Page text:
Autism is now diagnosed in about 1 in 68 children, according to the Centers for Disease Control and Prevention (CDC). The effects are far-reaching and can hinder everything from social relationships to future self-sufficiency. But after a new study, conducted by the Columbia University Medical Center, it appears that there may be a way to dampen the effects by pruning extra synapses found in the brain of children and adolescents with autism.
During normal brain development, a large burst of synapses are formed during infancy. These are primarily found in the cortex of the brain – a region of the brain that has been linked to autistic behaviors. Over time, these are usually “pruned,” but researchers speculated that this process is slowed in children diagnosed with autism. Additional synopsis could explain why some of the behaviors in children with autism occur.
To test their theory, co-author Guomei Tang, PhD, assistant professor of neurology at CUMC, examined brains from children with autism that had died from other causes. Thirteen of those brains belonged to children aged between 2 and 9 years old. Thirteen of them belonged to children between the ages of 13 and 20 years old. Twenty-two brains that belonged to children not diagnosed with autism were also studied for comparison.
To measure the synapse density in a small section of tissue in each brain, Dr. Tang counted the number of tiny spines that branched from cortical neurons. She found that, by late childhood, the spine density had decreased by half in the control brains. But in the patients with autism, the density only decreased by about 16 percent.
“It is the first time that anyone has looked for, and seen, a lack of pruning during development of children with autism,” David Sulzer, PhD, professor of neurobiology in the Department of Psychiatry, Neurology, and Pharmacology at CUMC and lead author on the study told Science Daily.
Because these points where neurons connect and communicate have such a profound effect on how the brain functions, the researchers believe that the excess synapses are linked to the behaviors found in those diagnosed with autism. Pruning them could reduce or dampen those behaviors, and researchers from CUMC believe they may have fond a drug that could do it.
According to the researchers, they found some important clues behind why the pruning process is slowed in children with autism; cells use autophagy (a Greek term that means self-eating) to degrade their own unnecessary components. They believe this function is hindered in the brains of autistic children because they found brain cells filled with old and damaged parts that were very deficient in autophagy.
Using mouse models of autism, researchers linked that pruning defect to a protein called mTOR, which, when overactive, has been found to decrease the brain’s self-eating ability. Study authors said this same over-reactive protein was also found in all of the brains of autism patients, which means that the very same deficiency in self-eating may be responsible for autism behaviors.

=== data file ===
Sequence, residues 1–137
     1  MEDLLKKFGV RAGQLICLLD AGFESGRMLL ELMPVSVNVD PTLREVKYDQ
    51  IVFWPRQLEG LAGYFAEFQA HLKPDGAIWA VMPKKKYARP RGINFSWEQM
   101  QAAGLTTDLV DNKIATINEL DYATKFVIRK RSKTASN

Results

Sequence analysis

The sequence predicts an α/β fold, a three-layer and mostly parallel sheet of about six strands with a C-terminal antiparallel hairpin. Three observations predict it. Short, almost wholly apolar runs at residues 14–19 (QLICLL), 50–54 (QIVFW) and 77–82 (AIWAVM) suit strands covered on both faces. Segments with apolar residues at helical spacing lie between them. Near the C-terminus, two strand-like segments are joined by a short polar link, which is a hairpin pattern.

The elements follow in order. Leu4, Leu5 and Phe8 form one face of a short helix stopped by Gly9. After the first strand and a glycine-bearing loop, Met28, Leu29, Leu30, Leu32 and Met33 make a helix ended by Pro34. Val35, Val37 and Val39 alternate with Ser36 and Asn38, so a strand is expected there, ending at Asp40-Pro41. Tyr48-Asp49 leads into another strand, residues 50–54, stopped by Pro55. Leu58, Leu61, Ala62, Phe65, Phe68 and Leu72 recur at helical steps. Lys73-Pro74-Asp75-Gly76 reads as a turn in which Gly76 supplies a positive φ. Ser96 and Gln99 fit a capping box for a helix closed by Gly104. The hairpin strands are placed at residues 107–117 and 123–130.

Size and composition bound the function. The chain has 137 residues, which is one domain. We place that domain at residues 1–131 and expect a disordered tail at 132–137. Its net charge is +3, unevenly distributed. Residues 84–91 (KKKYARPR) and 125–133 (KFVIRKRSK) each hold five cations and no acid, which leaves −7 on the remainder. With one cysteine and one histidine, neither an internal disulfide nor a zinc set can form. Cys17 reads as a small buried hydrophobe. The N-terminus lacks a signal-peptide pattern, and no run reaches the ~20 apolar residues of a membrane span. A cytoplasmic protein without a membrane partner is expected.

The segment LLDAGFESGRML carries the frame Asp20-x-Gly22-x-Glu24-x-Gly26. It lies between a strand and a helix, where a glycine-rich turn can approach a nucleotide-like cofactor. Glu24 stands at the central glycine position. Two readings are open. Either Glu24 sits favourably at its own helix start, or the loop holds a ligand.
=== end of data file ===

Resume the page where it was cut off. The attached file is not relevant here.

“While people usually think of learning as requiring formation of new synapses, the removal of inappropriate synapses may be just as important,” Dr. Sulzer said. “What’s remarkable about the finding is that hundreds of genes have been linked to autism, but almost all of our subjects had overactive mTOR and decreased autophagy, and all appear to have a lack of normal synaptic pruning. This says that many, perhaps the majority, of genes may converge onto this mTOR/autophagy pathway, the same way that many tributaries all lead into the Mississippi River. Overactive mTOR and reduce autophagy, by blocking normal synaptic pruning that may underlie learning appropriate behavior, may be a unifying feature of autism.”
According to Dr. Alan Packer, PhD, senior scientist at the Simons Foundation, which funded the research, the study is a vital step forward in understanding what is happening in the brains of autistic children.
“The current view is that autism is heterogeneous, with potentially hundreds of genes that can contribute. That’s a very wide spectrum, so the goal now is to understand how those hundreds of genes cluster together into a smaller number of pathways; that will give us better clues to potential treatments,” Packer told Science Daily. “The mTOR pathway certainly looks like one of these pathways. It is possible that screening for mTOR and autophagic activity will provide a means to diagnose some features of autism, and normalizing these pathways might help to treat synaptic dysfunction and treat the disease.”
Researchers on the study believe that this treatment could come in the form of a drug called rapamycin. Though its side effects may preclude use in some patients with autism, it may help to restore the brain’s pruning process. In fact, it has already been proven to improve the autistic-like behavior of study mice, even when the drug was given after the behaviors had started appearing.
“This is an important finding that could lead to a novel and much-needed therapeutic strategy for autism,” Jeffery Lieberman, MD, Lawrence C. Kolb Professor and Chair of Psychiatry at CUMC and director of New York State Psychiatric Institute, who was not involved with the study, told Science Daily.
“The fact that we can see changes in behavior suggests that autism may still be treatable after a child is diagnosed, if we can find a better drug,” Sulzer said.
- Good Drawing Skills may Indicate a Child’s Intelligence as a Teenager
- Parents That Refuse Vitamin K at Birth More Likely to Refuse Immunizations Later
- Study: A Baby’s Health Begins Before They’re Conceived